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FRI0025 The tam receptors axl and mer play a protective role in a temporal and spatial manner in inflammatory arthritis
  1. CEJ Waterborg1,
  2. PG Través2,
  3. S Beermann1,
  4. MI Koenders1,
  5. PLEM van Lent1,
  6. F den Hoogen1,
  7. PM van der Kraan1,
  8. FAJ van de Loo1
  1. 1Experimental Rheumatology, Radboudumc, Nijmegen, Netherlands
  2. 2Molecular Neurobiology Laboratory, The Salk Institute for Biological Studies, la Jolla, CA, United States


Background Rheumatoid arthritis (RA) is a chronic autoimmune disease characterized by an inflammatory response in synovial joints. One family of tyrosine kinase receptors that mediates a natural anti-inflammatory feedback mechanism are Tyro3, Axl and Mer (gene Mertk; TAM). The two principal TAM receptor protein ligands are Growth Arrest-Specific 6 (Gas6) and Protein S (Pros1). Targeting the TAM receptors by adenoviral overexpression of their ligands alleviates experimental arthritis pathology. Notably, Gas6 is a ligand for all three receptors but with the highest affinity for Axl. In contrast, Pros1 can only activate Tyro3 and Mer but not Axl. The role of the separate TAM receptors in RA has not been elucidated.

Objectives To reveal the individual role of the TAM receptors Axl and Mer in an experimental inflammatory model of RA.

Methods The KRN serum transfer model of arthritis was induced by two intraperitoneal injections of arthritic K/BxN serum in Axl-/-, Mertk-/-, Axl-/-Mertk-/- and wild-type (WT) mice. Ankle joints were macroscopically scored for 7 days. At day 0, 2 and 7, ankle and knee joints were isolated for histology and immunohistochemistry.

Results The course of arthritis was studied macroscopically and Mertk-/- mice had increased macroscopic ankle scores until day 4, compared to WT. Thereafter, Axl-/- mice developed more severe arthritis as compared to WT with enhanced macroscopic scores from day 4 until day 7. Histology of ankle joints showed significantly more inflammation in Mertk-/- mice at day 2 and increased arthritis pathology in Axl-/- mice at day 7, reflecting the macroscopic ankle scores. Histological analysis of ankle joints of Axl-/-Mertk-/- mice at day 7 showed enhanced pathology compared to both Axl-/- and WT mice, indicating an additive effect of Axl and Mer deficiency. In contrast to the ankle joints at day 7, enhanced macroscopic scores and arthritis pathology in knee joints of Mertk-/- mice, compared to WT mice, was observed at both day 2 and day 7. Axl-/- mice had comparable knee joint pathology compared to WT. To explain the discrepancy of Axl involvement between ankle and knee at day 7, we examined Axl expression in synovium before the onset of arthritis. The cells in the lining layer of ankle synovium were strikingly Axl positive whereas the synovium of the knee joints was Axl negative.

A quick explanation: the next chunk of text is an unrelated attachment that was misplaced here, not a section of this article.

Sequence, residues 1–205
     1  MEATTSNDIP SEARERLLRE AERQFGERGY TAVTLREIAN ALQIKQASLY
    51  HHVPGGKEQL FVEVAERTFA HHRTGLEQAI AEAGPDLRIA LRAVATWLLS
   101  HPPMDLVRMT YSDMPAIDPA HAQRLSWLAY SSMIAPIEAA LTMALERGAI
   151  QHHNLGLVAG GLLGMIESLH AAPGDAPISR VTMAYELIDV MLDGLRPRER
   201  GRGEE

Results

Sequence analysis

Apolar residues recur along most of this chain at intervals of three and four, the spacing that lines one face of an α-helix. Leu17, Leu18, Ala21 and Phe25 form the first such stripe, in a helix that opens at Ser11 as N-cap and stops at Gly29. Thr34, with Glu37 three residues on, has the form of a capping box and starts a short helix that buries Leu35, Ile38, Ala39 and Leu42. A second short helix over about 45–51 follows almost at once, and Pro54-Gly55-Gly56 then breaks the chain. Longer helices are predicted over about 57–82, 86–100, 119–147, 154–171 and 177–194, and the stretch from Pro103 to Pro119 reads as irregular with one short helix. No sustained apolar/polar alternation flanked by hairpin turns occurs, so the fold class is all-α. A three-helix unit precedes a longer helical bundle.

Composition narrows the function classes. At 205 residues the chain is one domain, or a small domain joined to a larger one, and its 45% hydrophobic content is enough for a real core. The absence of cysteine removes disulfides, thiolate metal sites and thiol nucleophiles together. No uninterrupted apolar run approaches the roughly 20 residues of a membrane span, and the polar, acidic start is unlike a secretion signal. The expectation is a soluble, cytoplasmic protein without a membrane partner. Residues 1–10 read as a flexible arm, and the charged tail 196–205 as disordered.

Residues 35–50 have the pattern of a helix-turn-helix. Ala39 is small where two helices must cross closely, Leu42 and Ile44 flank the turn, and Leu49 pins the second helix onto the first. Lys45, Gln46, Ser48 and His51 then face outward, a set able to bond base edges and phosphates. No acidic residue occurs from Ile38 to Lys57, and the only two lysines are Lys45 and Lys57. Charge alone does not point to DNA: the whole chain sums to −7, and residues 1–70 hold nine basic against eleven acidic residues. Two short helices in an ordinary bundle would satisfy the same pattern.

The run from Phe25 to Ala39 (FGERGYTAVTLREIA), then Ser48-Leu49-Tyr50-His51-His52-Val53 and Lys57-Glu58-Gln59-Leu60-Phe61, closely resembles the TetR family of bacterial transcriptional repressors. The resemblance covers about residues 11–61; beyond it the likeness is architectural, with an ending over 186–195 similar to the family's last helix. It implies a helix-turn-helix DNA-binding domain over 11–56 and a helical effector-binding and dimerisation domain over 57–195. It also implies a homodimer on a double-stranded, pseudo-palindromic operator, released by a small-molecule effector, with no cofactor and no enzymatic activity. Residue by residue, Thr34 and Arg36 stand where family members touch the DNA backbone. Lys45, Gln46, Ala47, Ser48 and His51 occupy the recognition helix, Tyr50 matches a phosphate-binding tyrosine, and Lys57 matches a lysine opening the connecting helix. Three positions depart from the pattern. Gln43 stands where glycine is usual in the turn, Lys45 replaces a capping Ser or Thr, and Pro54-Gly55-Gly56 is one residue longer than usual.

Conclusions The Mer receptor plays a protective role at the onset of arthritis whereas the Axl receptor takes over this role in established disease in ankle joints. In the knee joints, however, Mer but not Axl, plays a prominent protective role, likely due to the lack of Axl in naïve knee joints. These findings identify the TAM receptors Axl and Mer as protective in arthritis, dependent on the distinct anatomic location. It is tempting to speculate that these differences in topographically distinct synovial joints could, at least in part, explain the differential joint involvement in RA.

Disclosure of Interest None declared

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